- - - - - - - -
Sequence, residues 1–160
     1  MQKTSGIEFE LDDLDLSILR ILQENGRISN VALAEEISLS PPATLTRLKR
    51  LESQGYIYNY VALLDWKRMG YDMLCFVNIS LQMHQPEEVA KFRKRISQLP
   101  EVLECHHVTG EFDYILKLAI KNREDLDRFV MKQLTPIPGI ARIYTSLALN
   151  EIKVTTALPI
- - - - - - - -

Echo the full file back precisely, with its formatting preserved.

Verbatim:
Sequence, residues 1–160
     1  MQKTSGIEFE LDDLDLSILR ILQENGRISN VALAEEISLS PPATLTRLKR
    51  LESQGYIYNY VALLDWKRMG YDMLCFVNIS LQMHQPEEVA KFRKRISQLP
   101  EVLECHHVTG EFDYILKLAI KNREDLDRFV MKQLTPIPGI ARIYTSLALN
   151  EIKVTTALPI